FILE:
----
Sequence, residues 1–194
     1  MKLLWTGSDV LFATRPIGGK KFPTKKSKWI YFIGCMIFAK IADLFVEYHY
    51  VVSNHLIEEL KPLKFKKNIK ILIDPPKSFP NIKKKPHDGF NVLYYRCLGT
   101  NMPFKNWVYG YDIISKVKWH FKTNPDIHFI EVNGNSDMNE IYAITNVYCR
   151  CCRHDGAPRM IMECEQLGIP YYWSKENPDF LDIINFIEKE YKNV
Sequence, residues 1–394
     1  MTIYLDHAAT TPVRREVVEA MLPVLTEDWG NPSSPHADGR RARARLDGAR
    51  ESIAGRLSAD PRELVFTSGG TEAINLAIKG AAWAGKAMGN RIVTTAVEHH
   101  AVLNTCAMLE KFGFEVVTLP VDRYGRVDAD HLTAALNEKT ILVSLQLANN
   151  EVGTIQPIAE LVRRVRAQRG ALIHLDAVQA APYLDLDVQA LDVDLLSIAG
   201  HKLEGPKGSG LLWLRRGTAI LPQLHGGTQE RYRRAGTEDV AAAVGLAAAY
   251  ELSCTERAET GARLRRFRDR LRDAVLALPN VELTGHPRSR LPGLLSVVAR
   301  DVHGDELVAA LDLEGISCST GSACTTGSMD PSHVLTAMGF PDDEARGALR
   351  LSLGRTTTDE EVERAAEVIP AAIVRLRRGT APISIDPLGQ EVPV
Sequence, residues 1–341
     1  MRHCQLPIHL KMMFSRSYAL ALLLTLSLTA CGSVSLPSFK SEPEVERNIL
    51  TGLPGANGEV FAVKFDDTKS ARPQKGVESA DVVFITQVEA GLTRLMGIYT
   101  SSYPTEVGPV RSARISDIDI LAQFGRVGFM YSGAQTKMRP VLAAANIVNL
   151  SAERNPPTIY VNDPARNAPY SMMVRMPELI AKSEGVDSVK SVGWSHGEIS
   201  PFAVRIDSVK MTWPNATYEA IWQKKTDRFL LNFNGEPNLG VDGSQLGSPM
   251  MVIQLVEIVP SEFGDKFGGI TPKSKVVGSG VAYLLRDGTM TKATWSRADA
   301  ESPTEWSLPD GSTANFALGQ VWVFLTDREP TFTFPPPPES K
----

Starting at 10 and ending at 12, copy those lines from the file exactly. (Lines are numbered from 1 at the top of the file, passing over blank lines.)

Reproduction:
   151  EVGTIQPIAE LVRRVRAQRG ALIHLDAVQA APYLDLDVQA LDVDLLSIAG
   201  HKLEGPKGSG LLWLRRGTAI LPQLHGGTQE RYRRAGTEDV AAAVGLAAAY
   251  ELSCTERAET GARLRRFRDR LRDAVLALPN VELTGHPRSR LPGLLSVVAR